Fructose Part 2: Blunting Aerobic Development
In the November Monday Mindshare we began our three-part series on the topic of Fructose. In Part 1, we discussed the research trends, regarding the over-consumption of fructose and its negative implications for long-term health and well-being.
As noted in part 1, the SFuels RIGHT FUEL RIGHT TIME(TM) approach led by SFuels and Endure.IQ is grounded in the holistic and timely use of all the body's energy systems, and associated substrates including carbohydrates, fats, and ketones.
In this Part 2 of the Fructose series, we'll touch on some specific studies that highlight how the over-consumption of Fructose can possibly 'blunt' the training effect of aerobic exercise.
Plus further below - we'll give you some ideas on how to avoid Fructose in every day foods, meals and snacks.
As highlighted in November, with Fructose making up 50% of table sugar (sucrose) and being commonly used in foods, it's a highly pervasive food ingredient. For athletes though, there are even higher concerns on the implications of fructose over-consumption.
Firstly, the consumption risk is likely higher for athletes in light of most sports-fueling drinks, gels, blocks, and bars containing high amounts of Fructose, sugar/sucrose, and/or high-fructose corn syrup. Increasingly these are being used beyond workouts and training.
And second, progressive endurance development has much to do with the training stimuli that affects the number (density) and size of mitochondria (the energy factories of the cell). As you will read below, researchers are highlighting that it's inside these mitochondria, where fructose would be directing its negative effects.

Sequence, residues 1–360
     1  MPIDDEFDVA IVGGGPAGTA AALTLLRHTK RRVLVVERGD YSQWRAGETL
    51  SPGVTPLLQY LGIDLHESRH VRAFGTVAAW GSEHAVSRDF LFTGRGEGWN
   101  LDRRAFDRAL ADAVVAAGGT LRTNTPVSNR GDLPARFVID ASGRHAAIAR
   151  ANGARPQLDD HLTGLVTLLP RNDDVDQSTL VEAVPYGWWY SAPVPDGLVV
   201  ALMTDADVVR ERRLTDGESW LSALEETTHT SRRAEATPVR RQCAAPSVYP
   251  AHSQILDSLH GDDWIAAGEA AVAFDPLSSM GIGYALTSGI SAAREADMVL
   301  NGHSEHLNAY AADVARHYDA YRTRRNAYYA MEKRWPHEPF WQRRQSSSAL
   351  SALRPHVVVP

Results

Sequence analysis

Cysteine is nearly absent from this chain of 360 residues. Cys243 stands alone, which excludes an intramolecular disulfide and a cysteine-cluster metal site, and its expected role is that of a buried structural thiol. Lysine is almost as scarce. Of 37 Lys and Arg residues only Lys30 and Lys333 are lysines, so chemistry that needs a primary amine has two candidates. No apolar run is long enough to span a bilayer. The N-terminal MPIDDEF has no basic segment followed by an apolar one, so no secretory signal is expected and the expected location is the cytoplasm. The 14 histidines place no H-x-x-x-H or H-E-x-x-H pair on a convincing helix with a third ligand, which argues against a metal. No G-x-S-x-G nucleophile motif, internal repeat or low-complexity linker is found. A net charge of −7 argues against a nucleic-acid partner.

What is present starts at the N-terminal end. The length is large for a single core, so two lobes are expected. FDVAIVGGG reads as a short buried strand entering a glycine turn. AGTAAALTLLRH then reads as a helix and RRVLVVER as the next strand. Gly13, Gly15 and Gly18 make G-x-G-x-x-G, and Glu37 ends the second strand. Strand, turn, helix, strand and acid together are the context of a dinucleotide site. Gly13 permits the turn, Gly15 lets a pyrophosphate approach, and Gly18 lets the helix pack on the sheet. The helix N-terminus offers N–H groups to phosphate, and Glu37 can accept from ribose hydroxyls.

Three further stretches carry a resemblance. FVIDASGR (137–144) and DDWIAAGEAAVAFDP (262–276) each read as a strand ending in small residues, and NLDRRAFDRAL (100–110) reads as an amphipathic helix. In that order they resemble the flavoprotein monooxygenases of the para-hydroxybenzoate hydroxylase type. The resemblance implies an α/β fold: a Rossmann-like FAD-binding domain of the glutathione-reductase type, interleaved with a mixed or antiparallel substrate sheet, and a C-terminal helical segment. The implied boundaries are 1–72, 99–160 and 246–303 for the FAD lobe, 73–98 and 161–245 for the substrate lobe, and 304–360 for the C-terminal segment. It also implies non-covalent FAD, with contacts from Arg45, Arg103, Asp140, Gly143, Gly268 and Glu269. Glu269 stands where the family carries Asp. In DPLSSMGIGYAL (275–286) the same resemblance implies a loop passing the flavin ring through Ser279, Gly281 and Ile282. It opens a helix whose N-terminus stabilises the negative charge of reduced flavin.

Most recently, in late 2022 the peer-reviewed journal of Nutritional Neuroscience published a paper highlighting the impact of higher Fructose consumption on mitochondrial energetics, and cell viability. As noted in the paper, Fructose rapidly (in 6 hours), and dramatically impacted mitochondrial respiration, ATP production, and reduced the lifespan of the cell.
A little earlier in 2017, another research team published a paper on assessing whether Fructose damaged Mitochondrial DNA and impacted its repair. In just 8 weeks, the study revealed how Fructose heightened mitochondrial DNA damage and showed signs of impaired mitochondrial biogenesis (repair) in animals. The study highlights this could be one reason behind the role of Fructose in metabolic dysfunction. Another study in 2015, also showed very similar findings on skeletal muscle mitochondria.
But it was a paper in 2017, that directly triggered our concern about the impact of Fructose on the body's adaptive response to aerobic exercise. The study looked at a range of genes in the skeletal muscle cell, that are known to adapt to the stress of aerobic exercise. It was found that Fructose consumption had a blunting effect on the expression of these genes associated with remodeling muscle, in response to the stress of aerobic exercise.
So, it was studies like these, and the parallel wave of research on fructose and metabolic disease that informed SFuels to formulate its training-racing products without adding Fructose.
So what to do about it? Besides the use of SFuels in your training and racing, here's our Top 10 Foods to avoid and simple ideas on how to replace Fructose with better options.
2) Federica Cioffi et al. Fructose-Rich Diet Affects Mitochondrial DNA Damage and Repair in Rats. Nutrients. 2017 Mar.
3) Natasha Jaiswal et al. Fructose induces mitochondrial dysfunction and triggers apoptosis in skeletal muscle cells by provoking oxidative stress. Apoptosis. 2015 Jul.
4) Natalia Gomes Gonçalves et al. Fructose ingestion impairs expression of genes involved in skeletal muscle's adaptive response to aerobic exercise. Genes & Nutrition. 2017 Dec.